Developmental Fluoride Neurotoxicity: Choi et al. Respond
Anna L. Choi1, Philippe Grandjean1, Guifan Sun2, Ying Zhang2
1Harvard School of Public Health, Boston, Massachusetts, E-mail: email@example.com; 2China Medical University, Shenyang, China
Environ Health Perspect 121:a70–a70 (2013). http://dx.doi.org/10.1289/ehp.1206192R [Online 1 March 2013]
The author declares they have no actual or potential competing financial interests.
Sabour and Ghorbani’s comments about the reported mean difference in IQ (intelligence quotient) scores reported in our article (Choi et al. 2012) suggest a misunderstanding of the scale unit we used and the public health significance of even a small decrease in the average IQ associated with exposure. We appreciate this opportunity to clarify the factual information about the reported IQ measure.
The standardized weighted mean difference (SMD) in IQ score between exposed and reference populations was –0.45 (95% confidence interval: –0.56, –0.35) using a random-effects model (Choi et al. 2012). We used the SMD because the studies we included used different scales to measure the general intelligence. The SMD is a weighted mean difference standardized across studies, giving the average difference in standard deviations for the measure of that outcome. For commonly used IQ scores with a mean of 100 and an SD of 15, 0.45 SDs is equivalent to 6.75 points (rounded to 7 points). As research on other neurotoxicants has shown, a shift to the left of IQ distributions in a population will have substantial impacts, especially among those in the high and low ranges of the IQ distribution (Bellinger 2007).
Bellinger BC. 2007. Interpretation of small effect sizes in occupational and environmental neurotoxicity: individual versus population risk. Neurotoxicology 28:245–251.
Choi AL, Sun G, Zhang Y, Grandjean P. 2012. Developmental fluoride neurotoxicity: a systematic review and meta-analysis. Environ Health Perspect 120:1362–1368.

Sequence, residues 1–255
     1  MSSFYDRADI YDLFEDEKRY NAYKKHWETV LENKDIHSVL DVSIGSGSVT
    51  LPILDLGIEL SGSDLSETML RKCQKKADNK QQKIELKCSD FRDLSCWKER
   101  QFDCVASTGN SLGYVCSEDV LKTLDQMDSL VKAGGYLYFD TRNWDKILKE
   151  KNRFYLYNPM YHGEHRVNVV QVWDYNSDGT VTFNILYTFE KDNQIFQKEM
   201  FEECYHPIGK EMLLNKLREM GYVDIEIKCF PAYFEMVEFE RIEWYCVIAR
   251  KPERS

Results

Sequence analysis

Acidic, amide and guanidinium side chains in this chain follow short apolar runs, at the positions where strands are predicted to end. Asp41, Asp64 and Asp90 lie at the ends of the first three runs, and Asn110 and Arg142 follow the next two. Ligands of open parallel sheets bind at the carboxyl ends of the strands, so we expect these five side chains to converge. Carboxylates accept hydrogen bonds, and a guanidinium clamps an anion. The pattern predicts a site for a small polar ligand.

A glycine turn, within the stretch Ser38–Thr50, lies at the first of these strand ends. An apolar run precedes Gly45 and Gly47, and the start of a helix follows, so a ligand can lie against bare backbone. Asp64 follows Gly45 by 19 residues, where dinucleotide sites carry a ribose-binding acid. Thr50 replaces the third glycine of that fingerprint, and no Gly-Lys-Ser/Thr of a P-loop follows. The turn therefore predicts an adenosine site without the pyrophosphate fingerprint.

CEHN July 2015 Article of the Month
“In Utero and Childhood Polybrominated Diphenyl Ether Exposures and Body Mass at Age 7 Years: The CHAMACOS Study” (DOI:10.1289/ehp.1408417) has been selected by the Children’s Environmental Health Network (CEHN) as its July 2015 Article of the Month. These CEHN summaries discuss the potential policy implications of current children’s environmental health research.
2014 Impact Factor
EHP is pleased to announce its new impact factor of 7.98, up from 7.03 last year. EHP is now ranked 2nd of 87 journals in Toxicology, 3rd of 162 journals in Public, Environmental and Occupational Health, and 4th of 221 journals in Environmental Sciences. We thank our authors and readers for their contributions and support.
Sign Up to Receive E-mail Alerts
Recent Advance Publications
Multiple Trigger Points for Quantifying Heat-Health Impacts: New Evidence from a Hot Climate
Environmental Chemicals in Urine and Blood: Improving Methods for Creatinine and Lipid Adjustment
Satellite-Based Spatiotemporal Trends in PM2.5 Concentrations: China, 2004–2013
Desert Dust Outbreaks in Southern Europe: Contribution to Daily PM10 Concentrations and Short-Term Associations with Mortality and Hospital Admissions
Exposure to Bisphenol A and Phthalates during Pregnancy and Ultrasound Measures of Fetal Growth in the INMA-Sabadell Cohort